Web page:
The St. Petersburg 19th c. Collection of Materials on the Babi and Baha’i Faiths: Primary and other Sources

Abstract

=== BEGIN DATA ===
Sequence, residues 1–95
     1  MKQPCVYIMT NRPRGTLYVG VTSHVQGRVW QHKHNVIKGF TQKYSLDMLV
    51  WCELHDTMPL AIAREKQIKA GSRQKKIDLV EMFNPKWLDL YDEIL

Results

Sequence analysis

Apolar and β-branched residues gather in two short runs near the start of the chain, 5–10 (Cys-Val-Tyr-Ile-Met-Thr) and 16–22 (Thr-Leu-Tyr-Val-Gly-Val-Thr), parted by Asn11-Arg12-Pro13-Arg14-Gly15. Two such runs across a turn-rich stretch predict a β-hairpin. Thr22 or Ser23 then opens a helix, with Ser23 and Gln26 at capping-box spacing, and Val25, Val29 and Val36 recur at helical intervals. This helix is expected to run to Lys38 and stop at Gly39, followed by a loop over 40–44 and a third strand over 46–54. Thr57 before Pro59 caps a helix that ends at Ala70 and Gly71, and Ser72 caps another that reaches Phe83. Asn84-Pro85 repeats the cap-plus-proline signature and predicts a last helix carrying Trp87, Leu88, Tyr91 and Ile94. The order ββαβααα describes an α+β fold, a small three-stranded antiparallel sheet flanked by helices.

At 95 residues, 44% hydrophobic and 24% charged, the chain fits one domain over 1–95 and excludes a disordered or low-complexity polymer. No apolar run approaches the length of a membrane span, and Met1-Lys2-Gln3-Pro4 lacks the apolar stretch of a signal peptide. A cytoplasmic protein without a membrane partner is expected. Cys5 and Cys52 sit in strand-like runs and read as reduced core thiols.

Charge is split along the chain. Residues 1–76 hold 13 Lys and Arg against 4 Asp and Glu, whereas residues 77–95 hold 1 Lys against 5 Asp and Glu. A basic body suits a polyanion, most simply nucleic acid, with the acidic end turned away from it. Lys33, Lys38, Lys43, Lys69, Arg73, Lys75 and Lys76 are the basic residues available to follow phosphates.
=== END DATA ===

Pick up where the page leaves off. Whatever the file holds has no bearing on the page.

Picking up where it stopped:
The article is concerned with one of the richest collections of materials related to the Babi and Baha’i faiths, the St. Petersburg collection. The large amount of primary sources flowing into pre-revolutionary Russia was distributed between three scholarly and learning centers: the Asiatic Museum, presently the Institute of Oriental Manuscripts, Russian Academy of Sciences (the bulk of the sources), the St. Petersburg State University and the Russian National Library. These materials either in Persian or Arabic take the form of manuscripts and lithographs. The article describes these materials and gives briefly the history of studies of these sources.